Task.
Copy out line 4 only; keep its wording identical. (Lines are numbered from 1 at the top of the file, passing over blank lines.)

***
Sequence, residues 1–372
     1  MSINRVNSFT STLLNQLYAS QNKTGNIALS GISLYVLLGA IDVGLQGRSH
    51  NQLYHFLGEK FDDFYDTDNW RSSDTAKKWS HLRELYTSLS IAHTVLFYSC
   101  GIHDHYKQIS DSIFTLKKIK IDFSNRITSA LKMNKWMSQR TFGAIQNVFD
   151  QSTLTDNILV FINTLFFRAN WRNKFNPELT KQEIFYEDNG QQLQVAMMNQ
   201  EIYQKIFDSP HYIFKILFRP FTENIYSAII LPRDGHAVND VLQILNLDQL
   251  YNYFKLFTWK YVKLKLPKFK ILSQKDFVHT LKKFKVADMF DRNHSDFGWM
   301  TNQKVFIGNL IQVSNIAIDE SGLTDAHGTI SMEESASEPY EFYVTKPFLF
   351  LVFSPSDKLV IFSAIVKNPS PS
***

   101  GIHDHYKQIS DSIFTLKKIK IDFSNRITSA LKMNKWMSQR TFGAIQNVFD